Breakfast Gone Wrong: The Oatmeal Myth

Eating oatmeal and cornflakes are the best option for breakfast. Well, the television commercials say it is so. But are they endorsing a truth?

Not really. Let’s see how…

One of the most common things that many of my new clients are particularly proud of is their supposedly healthy eating habits and their maintaining a daily food journal. They think that their diet is healthy for most of the part, but are still surprised they cannot lose all that stubborn fat. The problem lies in the perception of what constitutes ‘healthy,’ and one of the most overrated ‘healthy’ food category is the breakfast component.

Let’s take an example of an average person’s idea of a healthy breakfast. One cup of oats cooked in milk, with a little honey on the side, and a fruit. Sounds ‘healthy’?


But there is really more to what meets the eye. Let’s start with grabbing a packet of ready-to-cook oats or even Kelloggs healthy cereals, and check out the nutritional information label. What do you see? One serving (40-50gm) contains 35gm carbs (out of which 10-12 gms is plain sugar) , 4-5 gm protein, and 2-3 gm of fats. Add to it sugar and carbs from the extra fruits and honey on the side, and here’syou’re your breakfast macros look like: 65-70 gm carbohydrates (30gm sugars), 6-7 gm protein, and 4-5 gm fats.

So you basically just had 7-8 tbsp of sugars in your breakfast! Good luck losing fat!

Jokes apart, let us get a little technical on how these sugars and carbs will make you fat, so you can be aware of the consequences of eating without enough knowledge.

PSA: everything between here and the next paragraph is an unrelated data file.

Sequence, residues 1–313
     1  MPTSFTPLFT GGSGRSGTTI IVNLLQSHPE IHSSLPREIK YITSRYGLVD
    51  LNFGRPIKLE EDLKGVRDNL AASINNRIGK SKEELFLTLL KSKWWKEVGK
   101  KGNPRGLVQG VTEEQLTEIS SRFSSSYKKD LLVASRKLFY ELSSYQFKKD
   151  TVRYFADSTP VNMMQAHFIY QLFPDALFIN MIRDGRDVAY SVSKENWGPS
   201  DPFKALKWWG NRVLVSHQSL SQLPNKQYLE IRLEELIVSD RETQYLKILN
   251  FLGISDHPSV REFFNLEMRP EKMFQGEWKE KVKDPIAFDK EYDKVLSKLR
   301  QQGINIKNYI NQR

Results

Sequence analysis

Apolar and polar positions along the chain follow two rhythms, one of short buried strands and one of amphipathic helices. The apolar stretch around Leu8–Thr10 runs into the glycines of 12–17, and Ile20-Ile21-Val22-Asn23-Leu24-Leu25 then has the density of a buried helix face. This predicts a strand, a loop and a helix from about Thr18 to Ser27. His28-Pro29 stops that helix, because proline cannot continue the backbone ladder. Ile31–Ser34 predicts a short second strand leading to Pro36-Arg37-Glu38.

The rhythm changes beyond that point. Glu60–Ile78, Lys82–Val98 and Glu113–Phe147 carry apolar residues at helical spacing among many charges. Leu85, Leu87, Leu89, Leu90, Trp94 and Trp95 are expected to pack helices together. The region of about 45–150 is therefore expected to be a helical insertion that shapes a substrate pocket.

What happens when you have carbs for breakfast-

When you wake up, your insulin levels are down. When you add carbs to your breakfast, that causes the insulin to spike in order to regulate the sugar in the bloodstream. This causes the inhibition of HSL production in the body. (HSL – hormone sensitive lipase, an enzyme that breaks down fat) Basically, more carb intake, less fat burning.

Simultaneous with the insulin action, we may consider the action of Cortisol, which is essentially a hormone that has an effect opposite of Insulin. Cortisol, or the stress hormone, is very high when we wake up, and by nature, Cortisol tends to put the body into a fat-burning mode. Now, by having a carb-high breakfast, the Insulin levels increase, causing Cortisol levels to fall. And lower cortisol means effectively lowering the ‘fat-burning’ environment inside the body. Instead, combined with the suppression of HSL production, the body actually gets into a ‘fat-storing’ mode that jeopardizes any attempt at fat loss.

So what is the best breakfast then?

So if the common myth of the ‘healthy oats and cornflakes’ breakfast has now been debunked, the big question that waits is, what should you eat for breakfast? The answer is, undoubtedly, fats and protein. Yes, food rich in fats and protein are the way to go, especially since they don’t raise insulin levels in the body.


Some examples of such foods are – almonds, walnuts, eggs, paneer, cheese, meat, and dark green leafy vegetables (spinach, lettuce, methi). Personally, my regular breakfast meal consists of 5-6 almonds, 1 walnut, and a few boiled eggs or a savory omelette!

Author Credits – Anmol Sachdeva